Steinhauer, Sven ULg; Crowet, Jean-Marc ULg; Lins, Laurence ULg et al

Poster (2012, September 11)

Molecular dynamics (MD) is an appropriate method for investigation of biomolecular systems and helps in explaining results from wet lab experiments or in getting further insight into details, which are ... [more ▼]

Molecular dynamics (MD) is an appropriate method for investigation of biomolecular systems and helps in explaining results from wet lab experiments or in getting further insight into details, which are not accessible by experimental methods(Lindahl, 2008). By now, many biologically relevant processes for drug design, toxicological studies and other fields of application, can not be performed by atomistic MD simulations (Lindahl, 2008). <br />In MD, the necessary time effort for carrying out a simulation is considerable and depends mainly on (1) the complexity of the simulated system (2) the simulated time scale (3) the simulation method (4) the efficiency of used hardware and software algorithms. Carried out MD simulations nowadays may still take weeks of calculation on high end computers. <br /> <br />In practice, biologically relevant processes, as e.g. protein folding, take usually place above the time scale of milli seconds. They can take up to the order of some thousands of seconds (in case of the folding of membrane proteins). Molecular dynamics computer simulations have reached the scale of micro seconds for simulations of systems where each atom was described and simulated over time.(Lindahl, 2008) <br /> <br />Nevertheless, MD has risen to an important promoter methodology for many different fields of application. By replacing bunches of atoms by artificial particles, complexity of the systems can be reduced. This method is called the coarse grain method (CG). Biggin and Bond (2008) found an acceleration of their simulation processes for self assembling membrane / protein systems in water by factor 100. They estimated one to two days of calculation for a simulated time scale of 0.1 to 0.2 micro seconds for their systems. <br /> <br />Implicit force fields like "IMPALA", aim to describe water and/or membrane molecules in simulations by a couple of simple and partially precalculable equations. “IMPALA” is a force field initially developed by our laboratory. Using this method, thousands of water and lipid molecules can be replaced, leading to a reduced complexity of the system to be simulated. <br />"IMPALA"(Ducarme et al., 1998) based on the assumption of rigid peptides and aimed to find the insertion characteristics of such in membranes. Elimination of the necessity for simulating the aqueous and lipid phase atom by atom in the software package "Gromacs"(Berendsen et al., 1995) will permit both: a gain of speed, as it was already the case for the introduction of the coarse grain method, and a gain of precision by turning rigid molecules flexible through "Gromacs". Our current work is the integration of the "IMPALA" implicit force field into "Gromacs". <br /> <br />Biggin, P.C. & Bond, P.J. Molecular dynamics simulations of membrane proteins. Methods Mol. Biol. 443, 147-60(2008). <br />Berendsen, et al. (1995) Comp. Phys. Comm. 91: 43-56. <br />Ducarme, P., Rahman, M. & Brasseur, R. IMPALA: a simple restraint field to simulate the biological membrane in molecular structure studies. Proteins 30, 357-71(1998). <br />Lindahl, E.R. (2008). Molecular dynamics simulations. Methods Mol. Biol. 443, 3-23. [less ▲]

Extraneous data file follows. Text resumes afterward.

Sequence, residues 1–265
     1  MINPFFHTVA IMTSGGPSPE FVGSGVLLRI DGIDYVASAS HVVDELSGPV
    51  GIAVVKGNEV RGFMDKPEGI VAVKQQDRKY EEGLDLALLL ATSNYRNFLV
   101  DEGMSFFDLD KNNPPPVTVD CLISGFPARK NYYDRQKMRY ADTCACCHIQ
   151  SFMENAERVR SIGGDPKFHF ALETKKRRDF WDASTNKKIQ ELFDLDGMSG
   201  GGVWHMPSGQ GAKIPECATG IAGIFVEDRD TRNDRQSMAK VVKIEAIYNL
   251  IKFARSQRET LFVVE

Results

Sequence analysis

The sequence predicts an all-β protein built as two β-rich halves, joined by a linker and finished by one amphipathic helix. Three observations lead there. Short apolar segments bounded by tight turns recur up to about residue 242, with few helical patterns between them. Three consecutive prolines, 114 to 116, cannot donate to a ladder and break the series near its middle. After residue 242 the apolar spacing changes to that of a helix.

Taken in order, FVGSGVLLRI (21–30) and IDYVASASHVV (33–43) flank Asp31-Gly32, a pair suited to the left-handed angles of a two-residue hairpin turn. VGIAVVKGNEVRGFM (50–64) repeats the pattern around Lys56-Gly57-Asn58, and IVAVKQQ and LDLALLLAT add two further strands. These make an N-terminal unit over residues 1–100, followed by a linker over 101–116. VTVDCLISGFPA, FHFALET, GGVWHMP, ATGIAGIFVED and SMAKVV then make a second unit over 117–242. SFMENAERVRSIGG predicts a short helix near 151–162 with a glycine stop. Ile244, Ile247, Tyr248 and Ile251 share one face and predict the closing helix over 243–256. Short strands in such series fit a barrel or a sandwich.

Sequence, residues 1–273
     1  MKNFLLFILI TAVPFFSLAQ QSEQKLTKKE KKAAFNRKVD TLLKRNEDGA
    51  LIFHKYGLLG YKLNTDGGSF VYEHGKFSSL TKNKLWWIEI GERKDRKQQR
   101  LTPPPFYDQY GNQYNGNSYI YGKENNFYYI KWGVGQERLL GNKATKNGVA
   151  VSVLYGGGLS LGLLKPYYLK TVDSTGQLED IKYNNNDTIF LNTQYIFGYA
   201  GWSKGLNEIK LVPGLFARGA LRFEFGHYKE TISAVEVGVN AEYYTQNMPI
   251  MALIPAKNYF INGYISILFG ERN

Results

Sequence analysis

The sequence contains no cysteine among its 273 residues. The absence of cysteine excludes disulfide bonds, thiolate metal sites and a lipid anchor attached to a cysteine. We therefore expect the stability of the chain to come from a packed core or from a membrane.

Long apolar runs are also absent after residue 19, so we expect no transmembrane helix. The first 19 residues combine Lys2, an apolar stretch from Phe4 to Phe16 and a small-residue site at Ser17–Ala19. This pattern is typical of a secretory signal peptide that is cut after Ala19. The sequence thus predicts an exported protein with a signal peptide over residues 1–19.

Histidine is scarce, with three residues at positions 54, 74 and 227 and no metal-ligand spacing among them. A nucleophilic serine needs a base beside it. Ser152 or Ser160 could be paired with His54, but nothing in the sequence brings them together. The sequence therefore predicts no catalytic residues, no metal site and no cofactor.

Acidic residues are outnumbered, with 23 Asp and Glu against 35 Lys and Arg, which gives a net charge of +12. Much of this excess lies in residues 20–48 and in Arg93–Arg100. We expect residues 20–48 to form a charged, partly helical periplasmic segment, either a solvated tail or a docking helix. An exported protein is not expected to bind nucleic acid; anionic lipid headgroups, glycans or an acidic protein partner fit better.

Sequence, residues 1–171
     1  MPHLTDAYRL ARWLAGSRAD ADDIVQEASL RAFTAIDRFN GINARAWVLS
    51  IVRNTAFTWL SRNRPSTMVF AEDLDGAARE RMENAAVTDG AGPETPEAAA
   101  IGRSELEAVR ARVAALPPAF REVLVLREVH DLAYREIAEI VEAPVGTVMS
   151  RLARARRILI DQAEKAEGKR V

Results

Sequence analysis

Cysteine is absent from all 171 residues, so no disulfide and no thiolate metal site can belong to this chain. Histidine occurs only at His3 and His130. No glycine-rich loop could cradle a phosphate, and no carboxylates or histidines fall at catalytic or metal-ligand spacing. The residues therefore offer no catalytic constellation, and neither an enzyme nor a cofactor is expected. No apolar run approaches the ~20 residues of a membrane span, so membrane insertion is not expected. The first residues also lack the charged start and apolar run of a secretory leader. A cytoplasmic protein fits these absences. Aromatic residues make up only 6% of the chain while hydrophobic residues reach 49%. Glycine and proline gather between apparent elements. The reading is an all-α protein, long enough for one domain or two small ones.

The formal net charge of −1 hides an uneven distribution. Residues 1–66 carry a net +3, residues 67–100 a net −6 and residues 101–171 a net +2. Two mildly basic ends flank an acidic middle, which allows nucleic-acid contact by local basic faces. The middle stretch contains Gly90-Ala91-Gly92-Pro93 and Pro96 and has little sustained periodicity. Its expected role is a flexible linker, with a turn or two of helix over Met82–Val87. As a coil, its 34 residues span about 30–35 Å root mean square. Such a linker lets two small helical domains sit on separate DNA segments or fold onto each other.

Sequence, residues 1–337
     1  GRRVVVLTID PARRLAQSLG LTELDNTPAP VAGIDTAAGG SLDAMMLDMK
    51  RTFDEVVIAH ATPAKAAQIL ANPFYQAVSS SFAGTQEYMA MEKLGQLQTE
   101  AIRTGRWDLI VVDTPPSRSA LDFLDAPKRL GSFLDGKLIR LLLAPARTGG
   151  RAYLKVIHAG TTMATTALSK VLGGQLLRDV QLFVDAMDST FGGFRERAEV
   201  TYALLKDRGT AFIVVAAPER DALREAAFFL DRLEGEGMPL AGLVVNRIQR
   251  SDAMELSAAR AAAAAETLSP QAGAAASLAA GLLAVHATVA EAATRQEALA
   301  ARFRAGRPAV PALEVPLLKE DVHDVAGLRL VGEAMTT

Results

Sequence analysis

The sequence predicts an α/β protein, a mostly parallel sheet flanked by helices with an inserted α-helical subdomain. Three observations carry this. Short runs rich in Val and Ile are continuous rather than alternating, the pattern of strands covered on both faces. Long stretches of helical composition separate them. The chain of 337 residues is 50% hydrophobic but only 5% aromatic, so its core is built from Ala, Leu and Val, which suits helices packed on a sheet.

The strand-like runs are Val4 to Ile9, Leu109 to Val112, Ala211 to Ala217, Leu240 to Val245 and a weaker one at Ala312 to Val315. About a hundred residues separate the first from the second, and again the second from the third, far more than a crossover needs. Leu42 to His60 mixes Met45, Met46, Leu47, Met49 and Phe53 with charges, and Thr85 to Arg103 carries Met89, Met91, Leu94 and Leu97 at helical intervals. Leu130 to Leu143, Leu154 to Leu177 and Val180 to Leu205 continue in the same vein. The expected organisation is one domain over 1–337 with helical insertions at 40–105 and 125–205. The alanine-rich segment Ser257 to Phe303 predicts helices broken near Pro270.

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See detailCharacterizing of protein dataset with GO ontology
Dmitrieva, Joelia Borisnova; Florea, B; Li, N et al

Poster (2012, September 09)

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See detailPlasma membrane localization of StREM1.3 Remorin is mediated by conformational changes in a novel C-terminal anchor and required for the restriction of PVX movement.
Perraki, Artemis; Cacas, Jean-Luc; Crowet, Jean-Marc ULg et al

in Plant Physiology (2012), 160(1),

The formation of plasma membrane (PM) micro-domains plays a crucial role in the regulation of membrane signalling and trafficking. Remorins are a plant-specific family of proteins organized in six ... [more ▼]

The formation of plasma membrane (PM) micro-domains plays a crucial role in the regulation of membrane signalling and trafficking. Remorins are a plant-specific family of proteins organized in six phylogenetic groups, and Remorins of the group 1 are among the few plant proteins known to specifically associate with membrane rafts. As such, they are valuable to understand the molecular bases for PM lateral organization in plants. However, little is known about the structural determinants underlying group 1 Remorins specific association with membrane rafts. We used a structure-function approach to identify a short C-terminal anchor (RemCA) indispensable and sufficient for tight direct binding of Solanum tuberosum REMORIN 1.3 (StREM1.3) to the PM. RemCA switches from unordered to an alpha-helical structure in a non-polar environment. Protein structure modelling indicates that RemCA folds into a tight hairpin of amphipathic helices. Consistently, mutations reducing RemCA amphipathy abolished StREM1.3 PM localization. Furthermore, RemCA directly binds to biological membranes in vitro, shows higher affinity for Detergent-Insoluble Membranes (DIM) lipids, and targets YFP to DIMs in vivo. Mutations in RemCA resulting in cytoplasmic StREM1.3 localization abolish StREM1.3 function in restricting potato virus X movement. The mechanisms described here provide new insights on the control and function of lateral segregation of plant PM. [less ▲]